But let’s not get ahead of ourselves.

For me, any spring read is one I can take out into the garden with me, but since I live on the east coast of Canada, and spring is being quite pokey this year, I have to content myself with reading near a big window, supervising the slow melting of the snow that currently covers my garden. To that end, there are a couple of old gardening books my parents, both avid gardeners, passed down to me. I page through them every early spring, dreaming of getting my hands dirty when the big melt finally comes. I’m also digging in to Baseball Life Advice by Stacey May Fowles as that season once again heats up. And lately I’m finding I really want to prioritize the voices of women. To that end, Penelope by Sue Goyette always has a place on my shelf, as does anything by Alice Munro, in this case the amazing Hateship, Friendship, Courtship, Loveship, Marriage. And I’m loving dipping into Startle and Illuminate, a book of writing advice from Carol Shields.

 

 

Rounding out this stack are reference books that feel luxurious. I want to eat everything that Deb Perelman cooks, so I love reading—and cooking from—her book Smitten Kitchen Every Day. The Hidden Lives of Trees I am slowly making my way through, a pace I’ll likely pick up as the leaves return outside my windows. And then there is Lists of Note, a perfectly odd compendium of lists by people like Sylvia Plath and Jack Kerouac, Edith Wharton and Captain Beefheart. As a lifelong lover of lists of all kinds, I am infatuated with this book. The thing about lists is that they can reveal much more than mundane details—everything from love to grief, to writing advice, to notes on how to be a good person are detailed here. And finally, an Italian translation of The Little Prince, by Antoine de Saint-Exupery. I don’t read this one so much as dream of being able to read it. Still, I like to open it and practice my pronunciation and challenge my comprehension.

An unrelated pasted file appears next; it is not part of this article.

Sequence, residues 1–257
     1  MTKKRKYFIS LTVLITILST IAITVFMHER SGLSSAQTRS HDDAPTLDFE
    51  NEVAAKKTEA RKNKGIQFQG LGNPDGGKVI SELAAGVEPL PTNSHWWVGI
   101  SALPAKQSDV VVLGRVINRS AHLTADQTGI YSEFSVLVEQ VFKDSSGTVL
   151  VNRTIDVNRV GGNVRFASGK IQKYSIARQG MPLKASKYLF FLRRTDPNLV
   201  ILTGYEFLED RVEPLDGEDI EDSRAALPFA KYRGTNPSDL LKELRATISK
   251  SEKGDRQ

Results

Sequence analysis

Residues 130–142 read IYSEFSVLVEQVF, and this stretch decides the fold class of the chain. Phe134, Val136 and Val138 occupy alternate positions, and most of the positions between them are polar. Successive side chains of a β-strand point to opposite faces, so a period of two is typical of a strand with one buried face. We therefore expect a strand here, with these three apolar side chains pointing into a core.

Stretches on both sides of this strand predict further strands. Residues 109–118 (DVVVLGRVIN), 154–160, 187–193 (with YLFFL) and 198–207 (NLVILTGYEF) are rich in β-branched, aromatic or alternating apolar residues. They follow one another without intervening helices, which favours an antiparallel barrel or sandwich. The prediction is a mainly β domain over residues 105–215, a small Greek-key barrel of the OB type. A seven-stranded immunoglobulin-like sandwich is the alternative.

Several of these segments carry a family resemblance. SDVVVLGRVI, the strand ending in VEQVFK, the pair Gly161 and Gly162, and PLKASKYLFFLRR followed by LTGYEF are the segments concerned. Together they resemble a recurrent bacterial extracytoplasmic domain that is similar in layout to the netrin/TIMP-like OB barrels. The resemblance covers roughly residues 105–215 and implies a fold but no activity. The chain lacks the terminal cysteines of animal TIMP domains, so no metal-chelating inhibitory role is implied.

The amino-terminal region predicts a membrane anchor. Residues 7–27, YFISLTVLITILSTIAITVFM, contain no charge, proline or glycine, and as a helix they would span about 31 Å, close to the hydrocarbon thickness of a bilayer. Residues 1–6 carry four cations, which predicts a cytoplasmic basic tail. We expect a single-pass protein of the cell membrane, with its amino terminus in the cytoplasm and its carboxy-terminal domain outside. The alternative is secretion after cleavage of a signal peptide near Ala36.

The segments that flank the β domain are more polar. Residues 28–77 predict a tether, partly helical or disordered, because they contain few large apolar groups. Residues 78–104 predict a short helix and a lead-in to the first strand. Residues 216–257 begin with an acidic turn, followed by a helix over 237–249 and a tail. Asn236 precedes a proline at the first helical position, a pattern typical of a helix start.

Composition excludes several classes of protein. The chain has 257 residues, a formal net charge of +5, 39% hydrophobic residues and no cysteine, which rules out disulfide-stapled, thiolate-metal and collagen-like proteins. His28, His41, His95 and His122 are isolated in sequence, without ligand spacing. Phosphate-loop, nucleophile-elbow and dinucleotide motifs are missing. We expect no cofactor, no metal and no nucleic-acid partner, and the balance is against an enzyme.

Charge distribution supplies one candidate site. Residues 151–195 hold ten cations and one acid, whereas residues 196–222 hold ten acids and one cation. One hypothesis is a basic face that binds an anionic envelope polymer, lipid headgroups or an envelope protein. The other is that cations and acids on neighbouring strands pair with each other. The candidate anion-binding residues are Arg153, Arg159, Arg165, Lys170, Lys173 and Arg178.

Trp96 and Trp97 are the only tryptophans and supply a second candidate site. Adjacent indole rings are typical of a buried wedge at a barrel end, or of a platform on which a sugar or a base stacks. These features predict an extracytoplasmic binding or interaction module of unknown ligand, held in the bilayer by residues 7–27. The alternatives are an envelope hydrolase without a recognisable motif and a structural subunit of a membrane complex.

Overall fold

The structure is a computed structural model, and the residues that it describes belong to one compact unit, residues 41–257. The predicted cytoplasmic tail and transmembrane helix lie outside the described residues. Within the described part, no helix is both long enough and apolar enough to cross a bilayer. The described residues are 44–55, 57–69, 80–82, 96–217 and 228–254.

Publisher and author Katy Bowman‘s stack


What are “spring reads”? To me they are those books that are grounded in the season OR they are books that help you do some deep cleaning. I read Animal Vegetable Miracle every year as I try to remind myself why I want to get out in the garden. Gathering Moss, Mind of the Raven, and The Home Place are books about an aspect of the natural world—and spring is where you’ll find me watching more birds, sitting on bare earth trying to pick things apart with my hands and eyes. Eat Well Move Well Live Well—while this is “52 Weeks of” book, I’m going to pick just a couple small chapters (“Fermenting” and “I Have Needs,” if you must know) and make that part of tidying house. Along those same lines, How to be a Better Person is like Spring Cleaning for my soul. “400+ ways to make a difference in yourself—and the world”, and I seem to need reminders for about 395 of them!

 

Co-author of Eat Well, Move Well, Live Well Roland Denzel’s stack